Despite the idea you might get from the name — never mind the haute cuisine that accompany the films in its main program — Culinary Cinema might arguably be the most deliberately political section of the festival.

Section director Thomas Struck’s motto is “Make Food Not War.” “That is due to the current political situation and the idea that food is the basic peace bringer,” says Struck. “If you don’t want to kill your opponents, which in the end is never successful, you have to negotiate — you have to sit together and eat together.”

Now in its 10th season, the program developed out of the influence and early relationships with slow-cooking advocate/activists Alice Waters and Carlo Petrini, and for Struck, cooking represents the connection between social and ecological concerns. “When we lose, or forget about, the ability to cook,” Struck explains, “we lose a basic part of being a human being. When we allow big corporations to take over the production and preparation of our food, then we are losing a basic ability, which makes us human. ”

This year’s highlights are guests Michael Pollan, and star chef Andoni Luis Aduriz, whose Mugaritz restaurant in Spain is one of the world’s best. Food writer Pollan will present two episodes from the upcoming Netflix series “Cooked,” based on his best-selling book and produced by Alex Gibney, whose documentary “Zero Days” is showing in Berlin’s competition . The chef for that evening will be Michael Kempt of Berlin’s Facil. Pollan is also showing “In Defense of Food With Michael Pollan,” and will appear for a special Tea Time talk at the Mirror restaurant (admission is free).

Aduriz is the subject of Pep Gatell’s “Off-Road. Mugaritz, Feeling a Way,” which mixes food, theater and the ethnology of the Basque region in a collaboration between Aduriz and the Barcelona theater company, Furia dels Baus. This is Aduriz’s second time at the Berlinale and he will cook for his own film. “It’s a special gift,” says Struck.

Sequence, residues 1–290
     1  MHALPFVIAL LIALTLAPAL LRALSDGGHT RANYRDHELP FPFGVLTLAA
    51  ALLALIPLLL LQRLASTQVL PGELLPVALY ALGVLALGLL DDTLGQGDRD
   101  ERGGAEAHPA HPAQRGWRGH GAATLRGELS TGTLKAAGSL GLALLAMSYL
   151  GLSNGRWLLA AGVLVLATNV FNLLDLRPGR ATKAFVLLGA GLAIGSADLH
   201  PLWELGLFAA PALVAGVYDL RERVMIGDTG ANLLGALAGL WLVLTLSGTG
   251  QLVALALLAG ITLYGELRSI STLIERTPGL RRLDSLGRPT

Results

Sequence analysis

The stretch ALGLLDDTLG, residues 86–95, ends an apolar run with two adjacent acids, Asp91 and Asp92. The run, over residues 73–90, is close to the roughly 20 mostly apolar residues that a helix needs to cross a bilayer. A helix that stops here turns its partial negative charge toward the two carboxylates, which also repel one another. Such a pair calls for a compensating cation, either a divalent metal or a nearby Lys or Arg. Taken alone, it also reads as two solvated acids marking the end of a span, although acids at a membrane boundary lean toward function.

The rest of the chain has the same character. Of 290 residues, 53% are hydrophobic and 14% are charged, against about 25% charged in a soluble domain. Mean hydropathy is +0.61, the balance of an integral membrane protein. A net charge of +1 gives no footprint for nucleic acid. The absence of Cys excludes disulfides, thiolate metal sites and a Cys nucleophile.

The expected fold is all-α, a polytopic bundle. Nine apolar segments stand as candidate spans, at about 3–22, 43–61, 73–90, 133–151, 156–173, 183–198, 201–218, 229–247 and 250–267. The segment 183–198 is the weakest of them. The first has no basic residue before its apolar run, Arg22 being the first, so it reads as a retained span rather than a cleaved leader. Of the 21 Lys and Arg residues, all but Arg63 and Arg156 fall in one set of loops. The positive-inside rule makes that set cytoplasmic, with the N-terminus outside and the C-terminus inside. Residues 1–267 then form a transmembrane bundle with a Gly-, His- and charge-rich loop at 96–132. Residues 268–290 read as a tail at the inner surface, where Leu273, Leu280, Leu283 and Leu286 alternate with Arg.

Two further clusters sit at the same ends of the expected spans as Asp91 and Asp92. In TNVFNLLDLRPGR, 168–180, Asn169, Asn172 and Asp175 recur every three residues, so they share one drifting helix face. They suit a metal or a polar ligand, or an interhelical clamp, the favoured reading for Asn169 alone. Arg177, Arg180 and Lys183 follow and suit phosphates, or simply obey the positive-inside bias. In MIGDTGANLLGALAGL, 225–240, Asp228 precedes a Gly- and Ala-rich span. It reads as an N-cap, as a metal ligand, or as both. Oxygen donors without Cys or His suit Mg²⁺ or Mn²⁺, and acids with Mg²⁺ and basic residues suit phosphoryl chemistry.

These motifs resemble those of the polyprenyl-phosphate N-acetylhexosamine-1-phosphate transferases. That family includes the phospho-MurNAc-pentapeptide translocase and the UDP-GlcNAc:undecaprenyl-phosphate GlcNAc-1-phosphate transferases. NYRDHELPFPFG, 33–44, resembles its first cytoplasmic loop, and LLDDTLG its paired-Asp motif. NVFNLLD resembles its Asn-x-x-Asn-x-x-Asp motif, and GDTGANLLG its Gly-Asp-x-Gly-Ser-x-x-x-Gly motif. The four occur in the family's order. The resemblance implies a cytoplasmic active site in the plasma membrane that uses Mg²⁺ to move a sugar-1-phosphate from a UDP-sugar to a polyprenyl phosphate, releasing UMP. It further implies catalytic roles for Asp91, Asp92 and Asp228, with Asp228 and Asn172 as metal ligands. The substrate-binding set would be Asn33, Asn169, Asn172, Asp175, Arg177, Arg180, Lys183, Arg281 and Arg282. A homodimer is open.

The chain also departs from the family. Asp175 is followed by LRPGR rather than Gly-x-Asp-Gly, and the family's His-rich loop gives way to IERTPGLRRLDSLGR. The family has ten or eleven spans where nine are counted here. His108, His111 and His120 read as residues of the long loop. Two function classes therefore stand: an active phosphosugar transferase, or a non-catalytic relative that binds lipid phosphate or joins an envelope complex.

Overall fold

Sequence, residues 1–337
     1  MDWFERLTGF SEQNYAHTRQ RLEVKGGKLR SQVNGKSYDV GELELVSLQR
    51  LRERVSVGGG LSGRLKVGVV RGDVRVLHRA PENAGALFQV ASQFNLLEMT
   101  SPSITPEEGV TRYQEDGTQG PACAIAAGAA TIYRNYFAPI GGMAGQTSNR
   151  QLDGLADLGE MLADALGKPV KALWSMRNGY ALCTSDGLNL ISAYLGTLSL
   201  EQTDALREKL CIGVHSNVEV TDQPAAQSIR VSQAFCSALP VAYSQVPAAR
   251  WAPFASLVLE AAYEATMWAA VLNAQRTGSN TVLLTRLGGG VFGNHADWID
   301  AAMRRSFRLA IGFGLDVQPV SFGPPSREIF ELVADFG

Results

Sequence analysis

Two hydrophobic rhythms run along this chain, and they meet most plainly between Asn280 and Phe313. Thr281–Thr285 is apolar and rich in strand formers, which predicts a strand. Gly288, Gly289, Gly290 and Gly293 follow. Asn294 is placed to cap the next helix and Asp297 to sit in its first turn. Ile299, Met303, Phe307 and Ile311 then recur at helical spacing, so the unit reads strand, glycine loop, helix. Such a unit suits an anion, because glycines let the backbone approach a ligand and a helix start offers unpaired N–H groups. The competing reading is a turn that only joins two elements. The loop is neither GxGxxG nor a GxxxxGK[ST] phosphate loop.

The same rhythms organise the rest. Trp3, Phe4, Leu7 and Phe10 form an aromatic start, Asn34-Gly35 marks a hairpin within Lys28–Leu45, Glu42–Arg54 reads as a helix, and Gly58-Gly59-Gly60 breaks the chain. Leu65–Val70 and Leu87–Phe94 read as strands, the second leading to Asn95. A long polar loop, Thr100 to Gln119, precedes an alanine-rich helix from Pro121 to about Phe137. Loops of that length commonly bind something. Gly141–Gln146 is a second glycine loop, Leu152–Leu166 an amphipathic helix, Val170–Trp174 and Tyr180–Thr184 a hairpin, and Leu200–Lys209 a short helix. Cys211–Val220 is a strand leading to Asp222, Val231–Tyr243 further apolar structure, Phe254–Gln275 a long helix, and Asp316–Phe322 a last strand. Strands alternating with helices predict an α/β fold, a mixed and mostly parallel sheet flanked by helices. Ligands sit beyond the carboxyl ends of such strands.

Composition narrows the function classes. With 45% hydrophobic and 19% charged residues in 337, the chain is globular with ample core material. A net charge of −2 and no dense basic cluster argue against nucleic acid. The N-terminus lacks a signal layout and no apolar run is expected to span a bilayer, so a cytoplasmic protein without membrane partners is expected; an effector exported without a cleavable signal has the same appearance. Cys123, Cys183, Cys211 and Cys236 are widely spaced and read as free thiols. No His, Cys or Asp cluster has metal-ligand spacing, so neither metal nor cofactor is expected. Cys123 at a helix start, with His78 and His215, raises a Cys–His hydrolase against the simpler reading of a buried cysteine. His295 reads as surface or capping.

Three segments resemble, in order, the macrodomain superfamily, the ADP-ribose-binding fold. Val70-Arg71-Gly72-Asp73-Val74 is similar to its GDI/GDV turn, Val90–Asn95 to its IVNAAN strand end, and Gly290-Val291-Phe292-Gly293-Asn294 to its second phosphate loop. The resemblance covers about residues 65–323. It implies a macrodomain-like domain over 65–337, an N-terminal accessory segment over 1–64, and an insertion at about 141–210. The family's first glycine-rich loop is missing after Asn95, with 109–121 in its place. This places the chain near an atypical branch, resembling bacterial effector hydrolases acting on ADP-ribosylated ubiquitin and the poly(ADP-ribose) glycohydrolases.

Also featured are Pierre Deschamps’ profile of revolutionary Nordic chef Rene Redzepi in “Norma My Perfect Storm”; while in “Vleesverlangen,” filmmaker Marijn Frank explores her love of meat and discovers what being a carnivore really means; and Eric Khoo follows a Chinese food critic as he re-examines his life and re-discovers his city (Shanghai) through it’s street food in “Wanton Mee.” Accompanying meals will be prepared by chefs Sven Elverfeld, Sonja Fruhsammer and Alexander Dressel, respectively.

Not only do you get the movie, but apres film in the Gropius Mirror Restaurant, while enjoying the appetizers and aperitifs, audiences can watch a live feed from the kitchen and see the meal come together. There will also be discussions with both the directors and chefs over dessert.

But for those not disposed to the big-ticket meals of the main program, Culinary Cinema offers the more populist Food and Film experience through the Berlinale Street Food Market extending down Joseph-von-Eichendorff-Gasse, now in its third year. “Good food should not be an elitist thing,” Struck explains. “It can be simple and affordable and (the food trucks) fit our philosophy of being organic, local, and an alternative to ‘industrial food.’ It’s the basic formula,” he adds, “eat drink, see a movie.”

Want to splurge on your own meal with some of the guest chefs? Three of them in the vicinity of Berlin.

Michael Kempf at Facil 

Located on the 5th floor of the Mandala Hotel in Postdamer Platz, this elegant eatery has two Michelin stars.


Sonja Fruhsammer at Fruhsammer’s Restaurant

If are up for a trip outside the festival, Fruhsammer’s Restaurant is in Berlin Grunewald, 30 minutes from Potsdammer Platz.


Alexander Dressel  at Bayrisches Haus Potsdam

Reservations for all a must for the Michelin-starred Dressel’s restaurant located 1½ hours from Potsdamer Platz in the Wildpark forest at the Hotel Bayrisches Haus.